US State Secretary John Kerry is visiting India in a bid to revive the historically icy bilateral ties. The trip is also set to pave the way for the upcoming US visit of PM Narendra Modi, analyst Milan Vaishnav tells DW.
India's energy demand far outstrips its generation capacity leading to power outages. The government has to tackle this if it wants to achieve its aim of turning the country into a manufacturing powerhouse, say experts.
Five years ago, Nusrat lost her face, her courage and her old life when her husband spilled acid over her. All that remains is endless pain. But the incident has also led to a newly found freedom.
Cameroon has deployed huge numbers of its military to the northern part of the country following attacks by the Nigerian Islamist sect Boko Haram, who have taken several high profile hostages in the country.
With a worldwide population of 40 million, the Kurds are the world’s largest ethnic group without a homeland. The current crisis in Iraq has brought the dream of an independent Kurdish state a little closer.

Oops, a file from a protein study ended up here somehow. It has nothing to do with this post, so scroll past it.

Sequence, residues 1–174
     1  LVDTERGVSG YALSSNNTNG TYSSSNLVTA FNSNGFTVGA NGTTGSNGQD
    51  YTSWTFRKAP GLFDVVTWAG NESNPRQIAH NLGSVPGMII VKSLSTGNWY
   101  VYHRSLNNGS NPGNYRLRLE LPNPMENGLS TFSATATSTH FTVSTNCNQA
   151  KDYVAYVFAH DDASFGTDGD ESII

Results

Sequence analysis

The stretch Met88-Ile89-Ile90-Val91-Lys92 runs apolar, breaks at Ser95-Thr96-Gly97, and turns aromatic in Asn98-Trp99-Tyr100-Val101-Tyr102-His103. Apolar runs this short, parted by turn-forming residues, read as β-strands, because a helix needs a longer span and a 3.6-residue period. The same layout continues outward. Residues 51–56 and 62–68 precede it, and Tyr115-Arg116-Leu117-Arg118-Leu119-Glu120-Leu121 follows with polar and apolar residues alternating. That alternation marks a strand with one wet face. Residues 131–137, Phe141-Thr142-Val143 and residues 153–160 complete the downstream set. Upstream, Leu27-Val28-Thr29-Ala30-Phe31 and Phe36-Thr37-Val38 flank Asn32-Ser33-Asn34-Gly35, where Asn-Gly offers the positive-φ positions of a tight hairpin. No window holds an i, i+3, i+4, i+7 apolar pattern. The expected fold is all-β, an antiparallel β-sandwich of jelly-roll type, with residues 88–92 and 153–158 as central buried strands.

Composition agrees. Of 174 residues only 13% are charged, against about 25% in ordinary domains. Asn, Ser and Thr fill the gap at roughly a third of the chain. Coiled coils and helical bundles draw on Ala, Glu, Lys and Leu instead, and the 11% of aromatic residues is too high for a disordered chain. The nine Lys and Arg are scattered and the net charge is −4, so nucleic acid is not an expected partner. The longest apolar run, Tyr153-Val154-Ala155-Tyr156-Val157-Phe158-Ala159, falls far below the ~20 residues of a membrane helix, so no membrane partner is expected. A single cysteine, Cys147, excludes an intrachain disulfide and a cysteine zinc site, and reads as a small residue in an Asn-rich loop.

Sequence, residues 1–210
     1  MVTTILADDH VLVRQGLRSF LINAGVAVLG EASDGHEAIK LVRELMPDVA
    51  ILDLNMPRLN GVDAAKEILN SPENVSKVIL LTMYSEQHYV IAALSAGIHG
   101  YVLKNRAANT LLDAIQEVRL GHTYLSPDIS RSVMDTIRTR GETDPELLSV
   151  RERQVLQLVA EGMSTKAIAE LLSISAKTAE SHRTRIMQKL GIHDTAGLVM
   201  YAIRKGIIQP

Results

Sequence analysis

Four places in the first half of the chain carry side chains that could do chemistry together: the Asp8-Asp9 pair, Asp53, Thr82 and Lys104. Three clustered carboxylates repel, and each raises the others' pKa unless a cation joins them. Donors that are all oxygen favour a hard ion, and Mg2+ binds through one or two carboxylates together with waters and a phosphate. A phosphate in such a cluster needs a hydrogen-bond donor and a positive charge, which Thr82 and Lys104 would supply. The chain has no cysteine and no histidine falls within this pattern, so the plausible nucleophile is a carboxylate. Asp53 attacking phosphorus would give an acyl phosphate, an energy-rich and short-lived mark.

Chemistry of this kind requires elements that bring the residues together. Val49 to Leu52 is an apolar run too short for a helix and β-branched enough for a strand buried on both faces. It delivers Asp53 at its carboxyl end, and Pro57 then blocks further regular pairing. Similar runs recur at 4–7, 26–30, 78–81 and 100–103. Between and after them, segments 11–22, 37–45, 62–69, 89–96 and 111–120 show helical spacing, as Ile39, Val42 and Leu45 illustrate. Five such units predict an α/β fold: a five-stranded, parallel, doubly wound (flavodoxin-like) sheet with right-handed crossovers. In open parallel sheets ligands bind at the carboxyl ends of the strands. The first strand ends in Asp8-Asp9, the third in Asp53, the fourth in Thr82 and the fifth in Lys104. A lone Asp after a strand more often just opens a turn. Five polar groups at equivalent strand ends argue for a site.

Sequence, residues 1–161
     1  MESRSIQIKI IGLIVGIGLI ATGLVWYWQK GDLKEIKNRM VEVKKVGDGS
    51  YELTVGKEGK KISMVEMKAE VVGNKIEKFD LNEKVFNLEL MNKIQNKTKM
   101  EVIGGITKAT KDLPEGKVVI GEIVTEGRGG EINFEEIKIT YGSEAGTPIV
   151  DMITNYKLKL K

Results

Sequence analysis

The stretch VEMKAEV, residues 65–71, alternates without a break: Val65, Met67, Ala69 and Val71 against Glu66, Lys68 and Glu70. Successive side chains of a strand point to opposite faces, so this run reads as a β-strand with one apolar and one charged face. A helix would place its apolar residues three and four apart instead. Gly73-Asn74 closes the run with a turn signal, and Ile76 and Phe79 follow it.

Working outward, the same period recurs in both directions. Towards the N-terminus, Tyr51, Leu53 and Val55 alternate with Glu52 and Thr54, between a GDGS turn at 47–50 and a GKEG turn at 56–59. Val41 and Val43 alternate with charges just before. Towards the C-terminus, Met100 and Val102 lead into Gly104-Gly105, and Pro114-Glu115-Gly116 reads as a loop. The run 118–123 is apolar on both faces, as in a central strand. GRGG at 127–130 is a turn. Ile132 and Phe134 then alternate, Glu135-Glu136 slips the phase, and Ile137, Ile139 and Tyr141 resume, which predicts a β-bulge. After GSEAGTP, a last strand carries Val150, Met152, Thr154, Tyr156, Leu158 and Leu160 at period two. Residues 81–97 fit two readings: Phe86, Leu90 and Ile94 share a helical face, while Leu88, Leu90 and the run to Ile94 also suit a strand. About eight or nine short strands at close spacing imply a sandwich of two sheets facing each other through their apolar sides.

Australia and the Netherlands have decided against deploying troops to secure the MH17 crash site in Ukraine, opting instead to send an unarmed police team. But access to the site is difficult in an active war zone.
Once again, Argentina is facing default. But instead of negotiating with its creditors, the government portrays itself as a victim, which makes the country's precarious economic situation even worse.
Iraqi Prime Minister Nouri al-Maliki has launched an offensive to reclaim territory from extremist Islamist group ISIS. The terrorist organization has also been fighting elsewhere in the Middle East, including Syria.
NATO's Anders Fogh Rasmussen tells DW that growing tensions with Russia have forced the alliance into a renewed rivalry.
The top one percent of households in China control more than a third of the country's wealth, a study found. As analyst James Rickards tells DW, inequality is becoming so extreme it threatens to cause social disorder.
Hollywood's survival hinges on China, writes DW's columnist Frank Sieren from Beijing.
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People can become homeless almost anywhere in the world, but they are differences in the way the rest of society treats them. A visiting young Ghanaian journalist wanted to find out how they fare in Bonn, Germany.
Serbia sees itself as both a victor and a victim of World War I - but not as a culprit. The country considers any blame placed on it as a distortion of facts. DW takes a look.
Shareholders of defunct oil giant Yukos, founded by Mikhail Khodorkovsky, have won a court case in the Hague demanding compensation from Russia. Moscow is in for hefty fines and asset seizures.
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